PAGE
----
A Closer Look at Silicone Hydrogel Toric Lens Materials
By the end of this year, we'll have three silicone hydrogel toric options. Vistakon released its Acuvue Advance for Astigmatism this spring, the PureVision Toric (Bausch & Lomb) will become available this summer and the O2Optix Toric lens (CIBA Vision) later this fall. Table 1 summarizes the material characteristics of each lens. We should know these characteristics so we can select the best silicone hydrogel toric lens for each patient.
Silicone is a hydrophobic lens material. Thus, silicone hydrogel contact lenses must have some modification to enhance the lens wettability. Lotrafilcon B (O2Optix) has a uniform, dense plasma coating (25nm) that bonds to the lens surface. Balafilcon A (PureVision) has a plasma oxidation surface treatment. Galyfilcon A (Acuvue Advance for Astigmatism) doesn't have a surface treatment, but the polymer incorporates "Hydraclear" to increase surface wetting.
Each lens surface has differences in surface deposition and wettability. A recent article (Ketelson et al, 2005) evaluated the surface wetting of the Night & Day lens (CIBA), O2Optix, Acuvue Advance and the Acuvue lens upon removal from their blister packs. The results indicated that lotrafilcon A and lotrafilcon B both had a better wetting rating as compared to the Acuvue Advance and the Acuvue lens, presumably because of the plasma surface treatment.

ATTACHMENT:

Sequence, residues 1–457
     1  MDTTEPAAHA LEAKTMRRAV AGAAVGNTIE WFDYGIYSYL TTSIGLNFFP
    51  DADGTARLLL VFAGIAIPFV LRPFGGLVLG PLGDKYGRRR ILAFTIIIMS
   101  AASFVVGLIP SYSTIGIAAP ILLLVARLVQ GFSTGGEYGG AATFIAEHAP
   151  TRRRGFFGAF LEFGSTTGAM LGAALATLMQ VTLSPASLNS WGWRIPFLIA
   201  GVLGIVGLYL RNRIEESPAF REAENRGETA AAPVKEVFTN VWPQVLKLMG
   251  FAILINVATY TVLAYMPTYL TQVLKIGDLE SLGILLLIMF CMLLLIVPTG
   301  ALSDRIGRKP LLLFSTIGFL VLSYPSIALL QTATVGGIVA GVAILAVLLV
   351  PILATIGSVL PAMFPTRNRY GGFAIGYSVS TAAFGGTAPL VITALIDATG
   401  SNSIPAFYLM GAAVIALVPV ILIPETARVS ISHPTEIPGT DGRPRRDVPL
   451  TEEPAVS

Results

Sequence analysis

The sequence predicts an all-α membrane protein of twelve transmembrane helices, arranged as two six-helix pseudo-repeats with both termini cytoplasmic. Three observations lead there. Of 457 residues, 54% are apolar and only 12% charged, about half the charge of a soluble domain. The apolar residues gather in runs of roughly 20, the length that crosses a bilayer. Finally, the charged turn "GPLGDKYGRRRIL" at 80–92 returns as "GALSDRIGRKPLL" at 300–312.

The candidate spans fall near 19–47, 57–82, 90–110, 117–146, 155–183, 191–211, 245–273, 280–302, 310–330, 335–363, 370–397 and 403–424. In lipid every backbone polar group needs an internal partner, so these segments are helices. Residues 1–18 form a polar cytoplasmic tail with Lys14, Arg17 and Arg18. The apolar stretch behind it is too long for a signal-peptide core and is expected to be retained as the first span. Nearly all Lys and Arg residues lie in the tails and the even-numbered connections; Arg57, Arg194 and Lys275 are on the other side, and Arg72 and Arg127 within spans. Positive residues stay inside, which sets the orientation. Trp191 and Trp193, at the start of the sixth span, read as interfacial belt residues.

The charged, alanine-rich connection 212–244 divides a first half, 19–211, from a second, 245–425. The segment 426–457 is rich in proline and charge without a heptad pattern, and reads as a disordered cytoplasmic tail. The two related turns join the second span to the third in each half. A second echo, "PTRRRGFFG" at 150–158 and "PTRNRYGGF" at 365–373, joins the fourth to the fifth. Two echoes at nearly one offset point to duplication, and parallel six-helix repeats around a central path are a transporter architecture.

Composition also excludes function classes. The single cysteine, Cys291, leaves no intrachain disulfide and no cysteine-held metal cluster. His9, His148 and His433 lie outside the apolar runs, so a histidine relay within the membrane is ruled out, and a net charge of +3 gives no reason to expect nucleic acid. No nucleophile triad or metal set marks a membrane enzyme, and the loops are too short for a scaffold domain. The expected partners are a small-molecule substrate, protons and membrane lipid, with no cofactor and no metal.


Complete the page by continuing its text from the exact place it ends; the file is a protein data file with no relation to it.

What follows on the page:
Another article (Jones, 2005) evaluated surface deposition of Night & Day and PureVision as compared to the Acuvue lens. The silicone hydrogel lenses showed decreased protein deposition, but increased lipid deposition as compared to the Acuvue lens. Lipid deposition can pose a problem for some silicone hydrogel patients, who must rub and thoroughly rinse both lens surfaces with multipurpose solution. In addition, an alcohol-based cleaner such as Miraflow (CIBA) can help remove lipids from the lens surface. Instruct these patients to replace their lenses every two weeks and to not "stretch" their lens replacement time.
Silicone hydrogel torics provide greater oxygen transmission compared to low-Dk toric soft lenses. Plus and high-minus lens patients deserve a toric lens that offers a high degree of oxygen transmission. Also, continuous wear patients or noncompliant patients who "occasionally" sleep in their lenses need a lens that provides maximum oxygen supply.
Lens modulus can affect soft lens comfort and fit. A softer lens modulus may decrease lens awareness and also drape over a steep cornea to aid in a good lens fit. But, patients may find lenses of higher modulus easier to clean, apply and remove.
Know Your Options
Silicone hydrogel torics will definitely benefit our patients and practices. But, clinicians must know the characteristics of each material to fully utilize this new technology.
For references, visit www.clspectrum.com/references.asp and click on document #116.
Dr. Ghormley is in private practice in St. Louis, MO. He is a past president of the American Academy of Optometry and is a Diplomate of its Cornea & Contact Lens Section. He is also a consultant for CIBA Vision.